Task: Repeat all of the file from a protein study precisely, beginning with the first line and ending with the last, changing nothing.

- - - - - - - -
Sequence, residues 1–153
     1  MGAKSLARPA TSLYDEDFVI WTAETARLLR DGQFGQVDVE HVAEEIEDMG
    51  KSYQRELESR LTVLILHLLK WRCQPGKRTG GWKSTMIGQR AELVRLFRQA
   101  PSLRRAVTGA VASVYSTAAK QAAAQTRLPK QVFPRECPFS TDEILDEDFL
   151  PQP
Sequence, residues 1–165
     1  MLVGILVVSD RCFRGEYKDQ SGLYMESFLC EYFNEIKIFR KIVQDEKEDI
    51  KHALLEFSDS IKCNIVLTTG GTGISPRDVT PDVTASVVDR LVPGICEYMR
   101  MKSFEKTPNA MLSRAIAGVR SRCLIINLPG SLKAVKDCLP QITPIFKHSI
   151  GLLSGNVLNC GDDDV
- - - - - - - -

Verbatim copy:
Sequence, residues 1–153
     1  MGAKSLARPA TSLYDEDFVI WTAETARLLR DGQFGQVDVE HVAEEIEDMG
    51  KSYQRELESR LTVLILHLLK WRCQPGKRTG GWKSTMIGQR AELVRLFRQA
   101  PSLRRAVTGA VASVYSTAAK QAAAQTRLPK QVFPRECPFS TDEILDEDFL
   151  PQP
Sequence, residues 1–165
     1  MLVGILVVSD RCFRGEYKDQ SGLYMESFLC EYFNEIKIFR KIVQDEKEDI
    51  KHALLEFSDS IKCNIVLTTG GTGISPRDVT PDVTASVVDR LVPGICEYMR
   101  MKSFEKTPNA MLSRAIAGVR SRCLIINLPG SLKAVKDCLP QITPIFKHSI
   151  GLLSGNVLNC GDDDV